In a world full of distrust and manipulation, consumers and employees alike are seeking one thing above all else in companies: a purpose that’s good and trustworthy. Businesses can no longer survive on sales and new products alone. They need to have initiative and public support to thrive in today’s competitive environment.
This is where philanthropy plays a role.
Companies with purpose are able to better motivate employees and satisfy customers, but that purpose has to be visible. People are loyal to companies they believe in, and people innately lean toward organizations that have a giving spirit.
Business philanthropy is strong
According to Charity Navigator, charitable giving has continued in an upward trend over the past several years. Last year, corporations in the United States donated more than $17.77 billion to non-profit organizations. Whether they’re volunteering or donating financially, businesses are clearly pursuing philanthropy as a path toward success.
As millennials become some of the biggest spenders and workers in our society, it’s important to note what they care about in businesses, including social impact. About 33% of all consumers now choose to buy from brands they believe are doing social or environmental good, and 78% of Americans believe that companies must do more than just make money – they must positively impact society, too.
Companies are listening to this sentiment, and philanthropic activity is increasing as a result.
An example of a company that is much praised for its philanthropic work is Warby Parker, the eyewear brand.
For every pair of glasses they sell, the company helps train adults to administer eye exams and provides vision care and glasses to students in need. Warby Parker openly partners with VisionSpring, the Department of Health in Baltimore, and the Department of Education in New York to make a social impact, and many people love the brand as a result.
Now, that’s not to say that every company that gives to worthy causes is beloved by the public and its employees. In fact, some people view an excess of philanthropic work as suspicious. If the charity work isn’t handled carefully, it can stink of false intentions and been seen as purely self-promoting. Corporations must walk the fine line between benefiting from their positive actions and coming across as “fake” to their audiences.
How to implement philanthropy wisely
If your company is looking into philanthropic activities, the important thing is to highlight your motivation above all else. Why are you giving to others, and what exactly does it mean to you?
Let’s dive into some of the best ways you can start giving to others as a corporation without seeming phony.
In order to succeed, businesses need to tap into the values they share with their customers. There should be a healthy degree of congruence between what you, as a company, want to support philanthropically and what your ideal consumer wants to support. In some cases, these parallels might even help you more strongly define your brand’s morals and culture.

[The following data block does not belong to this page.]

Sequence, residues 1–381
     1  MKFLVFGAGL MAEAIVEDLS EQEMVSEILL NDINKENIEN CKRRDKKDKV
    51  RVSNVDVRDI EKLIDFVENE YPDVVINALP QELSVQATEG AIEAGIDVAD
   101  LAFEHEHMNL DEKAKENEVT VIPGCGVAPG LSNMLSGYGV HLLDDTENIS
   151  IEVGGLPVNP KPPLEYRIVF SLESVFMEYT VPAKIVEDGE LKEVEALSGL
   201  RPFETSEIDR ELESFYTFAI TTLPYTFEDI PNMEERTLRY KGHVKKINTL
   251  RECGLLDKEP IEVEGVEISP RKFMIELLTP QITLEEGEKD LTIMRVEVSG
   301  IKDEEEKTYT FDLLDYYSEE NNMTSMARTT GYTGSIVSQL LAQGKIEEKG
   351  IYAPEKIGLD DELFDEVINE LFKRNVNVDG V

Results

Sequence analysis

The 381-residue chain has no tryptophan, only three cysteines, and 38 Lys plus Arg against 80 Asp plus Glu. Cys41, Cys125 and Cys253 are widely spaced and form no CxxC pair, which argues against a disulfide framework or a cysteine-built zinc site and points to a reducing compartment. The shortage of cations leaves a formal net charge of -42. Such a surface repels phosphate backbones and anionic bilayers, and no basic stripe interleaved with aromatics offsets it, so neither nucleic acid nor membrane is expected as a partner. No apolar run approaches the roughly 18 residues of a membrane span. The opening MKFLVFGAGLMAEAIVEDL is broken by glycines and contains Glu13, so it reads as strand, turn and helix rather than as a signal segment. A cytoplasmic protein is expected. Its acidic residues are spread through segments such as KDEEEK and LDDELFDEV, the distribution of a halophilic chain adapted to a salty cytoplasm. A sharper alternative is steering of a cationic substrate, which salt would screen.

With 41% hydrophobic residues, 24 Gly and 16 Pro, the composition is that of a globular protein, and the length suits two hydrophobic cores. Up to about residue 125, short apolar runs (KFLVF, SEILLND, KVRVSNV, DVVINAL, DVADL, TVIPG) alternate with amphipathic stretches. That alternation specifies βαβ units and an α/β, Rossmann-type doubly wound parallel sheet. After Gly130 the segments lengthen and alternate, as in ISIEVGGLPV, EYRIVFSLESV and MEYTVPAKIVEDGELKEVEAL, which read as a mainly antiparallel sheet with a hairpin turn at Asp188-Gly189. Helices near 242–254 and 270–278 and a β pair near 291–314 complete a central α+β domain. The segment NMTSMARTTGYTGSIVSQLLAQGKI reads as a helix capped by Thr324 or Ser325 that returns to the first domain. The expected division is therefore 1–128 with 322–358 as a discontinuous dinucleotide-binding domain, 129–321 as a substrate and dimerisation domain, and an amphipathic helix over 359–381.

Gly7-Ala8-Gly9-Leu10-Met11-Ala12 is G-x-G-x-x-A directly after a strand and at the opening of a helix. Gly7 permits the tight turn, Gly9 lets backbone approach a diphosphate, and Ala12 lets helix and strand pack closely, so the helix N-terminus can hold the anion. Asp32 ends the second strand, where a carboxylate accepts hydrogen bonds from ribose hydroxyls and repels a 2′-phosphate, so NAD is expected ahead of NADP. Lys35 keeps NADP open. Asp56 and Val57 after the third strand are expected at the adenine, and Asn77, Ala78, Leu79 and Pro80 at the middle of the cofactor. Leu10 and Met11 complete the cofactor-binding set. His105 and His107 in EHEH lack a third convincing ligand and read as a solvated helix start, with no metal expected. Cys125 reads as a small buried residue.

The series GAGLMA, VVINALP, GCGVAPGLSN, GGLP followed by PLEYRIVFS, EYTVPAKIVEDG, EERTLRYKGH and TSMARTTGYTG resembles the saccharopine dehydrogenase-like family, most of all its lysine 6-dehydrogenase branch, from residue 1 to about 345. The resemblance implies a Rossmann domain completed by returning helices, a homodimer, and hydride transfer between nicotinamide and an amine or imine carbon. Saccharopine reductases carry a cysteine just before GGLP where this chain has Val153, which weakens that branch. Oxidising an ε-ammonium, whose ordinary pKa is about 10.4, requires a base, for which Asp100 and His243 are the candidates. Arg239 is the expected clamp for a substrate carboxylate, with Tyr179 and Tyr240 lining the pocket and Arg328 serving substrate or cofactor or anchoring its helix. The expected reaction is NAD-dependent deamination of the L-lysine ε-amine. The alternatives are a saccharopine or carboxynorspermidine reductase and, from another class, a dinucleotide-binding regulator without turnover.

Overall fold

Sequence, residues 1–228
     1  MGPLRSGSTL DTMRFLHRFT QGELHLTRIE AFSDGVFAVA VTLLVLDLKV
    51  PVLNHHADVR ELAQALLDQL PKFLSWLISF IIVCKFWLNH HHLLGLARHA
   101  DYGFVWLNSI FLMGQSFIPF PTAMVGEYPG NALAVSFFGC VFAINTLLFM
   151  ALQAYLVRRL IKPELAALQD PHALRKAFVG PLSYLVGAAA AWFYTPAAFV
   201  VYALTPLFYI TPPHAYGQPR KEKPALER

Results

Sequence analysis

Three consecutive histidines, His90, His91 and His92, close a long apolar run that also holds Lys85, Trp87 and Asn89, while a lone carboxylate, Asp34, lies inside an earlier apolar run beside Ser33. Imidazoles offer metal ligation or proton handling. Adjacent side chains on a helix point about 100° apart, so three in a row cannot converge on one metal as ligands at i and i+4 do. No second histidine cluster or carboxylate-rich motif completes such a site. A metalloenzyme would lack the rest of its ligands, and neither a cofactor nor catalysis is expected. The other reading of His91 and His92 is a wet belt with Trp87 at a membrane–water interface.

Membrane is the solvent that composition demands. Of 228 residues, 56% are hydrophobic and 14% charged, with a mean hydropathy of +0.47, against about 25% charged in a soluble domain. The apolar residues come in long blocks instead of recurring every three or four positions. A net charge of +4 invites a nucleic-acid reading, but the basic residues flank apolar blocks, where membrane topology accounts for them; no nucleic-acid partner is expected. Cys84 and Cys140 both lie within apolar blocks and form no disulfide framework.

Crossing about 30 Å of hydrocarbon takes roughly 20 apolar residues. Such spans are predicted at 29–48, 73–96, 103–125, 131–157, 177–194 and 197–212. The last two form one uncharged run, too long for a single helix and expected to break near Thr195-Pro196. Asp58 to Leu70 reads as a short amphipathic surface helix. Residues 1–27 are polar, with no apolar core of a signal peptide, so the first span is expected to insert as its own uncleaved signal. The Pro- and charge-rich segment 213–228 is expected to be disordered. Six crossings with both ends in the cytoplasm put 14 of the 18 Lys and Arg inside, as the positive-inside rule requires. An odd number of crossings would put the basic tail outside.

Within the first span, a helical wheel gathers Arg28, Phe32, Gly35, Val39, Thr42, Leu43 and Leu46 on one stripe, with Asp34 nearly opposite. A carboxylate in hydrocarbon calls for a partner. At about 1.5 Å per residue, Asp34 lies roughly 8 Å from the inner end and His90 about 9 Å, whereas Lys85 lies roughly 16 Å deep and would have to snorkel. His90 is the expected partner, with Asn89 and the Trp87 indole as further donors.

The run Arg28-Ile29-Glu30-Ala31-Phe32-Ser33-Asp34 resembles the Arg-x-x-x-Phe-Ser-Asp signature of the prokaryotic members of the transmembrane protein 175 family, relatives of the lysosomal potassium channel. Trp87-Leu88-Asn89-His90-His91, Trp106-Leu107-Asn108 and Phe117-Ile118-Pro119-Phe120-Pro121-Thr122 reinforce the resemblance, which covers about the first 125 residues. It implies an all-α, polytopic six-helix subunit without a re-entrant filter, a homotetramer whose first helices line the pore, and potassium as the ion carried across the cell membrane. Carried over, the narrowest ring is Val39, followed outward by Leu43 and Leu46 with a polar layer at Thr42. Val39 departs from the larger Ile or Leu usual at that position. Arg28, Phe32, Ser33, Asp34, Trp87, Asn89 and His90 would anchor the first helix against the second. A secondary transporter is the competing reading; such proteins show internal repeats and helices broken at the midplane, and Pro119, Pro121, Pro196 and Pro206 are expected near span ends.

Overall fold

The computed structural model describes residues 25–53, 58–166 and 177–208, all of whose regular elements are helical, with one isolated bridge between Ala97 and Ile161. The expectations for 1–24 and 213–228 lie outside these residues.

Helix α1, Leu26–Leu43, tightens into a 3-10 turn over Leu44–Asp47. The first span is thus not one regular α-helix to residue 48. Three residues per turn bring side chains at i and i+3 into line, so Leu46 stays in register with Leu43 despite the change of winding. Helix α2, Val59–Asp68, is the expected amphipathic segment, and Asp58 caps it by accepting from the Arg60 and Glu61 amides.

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Take a look at Keep Nature Wild, a non-profit clothing company that sells “products with a purpose.” The company picks up one pound of trash for every item sold.
They host group clean-ups and formed a community of consumers and employees who share the same values. Not only has Keep Nature Wild given back, but it reinforces its image as an environmentally friendly outdoors-focused company.
Once you find the overlap in philanthropic values, it won’t just influence your customers; it will change how you hire people to work for your company. As your corporate social responsibility programs become known, it will help you attract candidates that share your values. With websites like Glassdoor offering an insider’s view of your company and review sites publicly calling brands out for bad actions, you need to make your values clear to all and to live what you say. Your culture, as demonstrated through your public philanthropy, helps you do that.
Don’t try too much
A connection with a charity or a certain set of beliefs doesn’t need to be complicated. In fact, keeping things simple and natural can help people trust your intentions.
A 2017 study revealed that 43% of Americans find brands and companies less truthful than they were 20 years ago. Businesses can no longer just say that they have philanthropic values and ambitions – they need to demonstrate the authenticity of their culture – internally, as well as externally. Otherwise, consumers will raise their eyes in skepticism at overt claims of philanthropy.
Nowadays, philanthropy has become an integral part of establishing trust with employees and consumers. Corporations that contribute time and effort, not just money, to worthwhile causes tend to become more successful than those that don’t.
Give people reasons to trust your business’ values and culture while simultaneously doing good for others. The money and time you donate will certainly with your employees and your customers.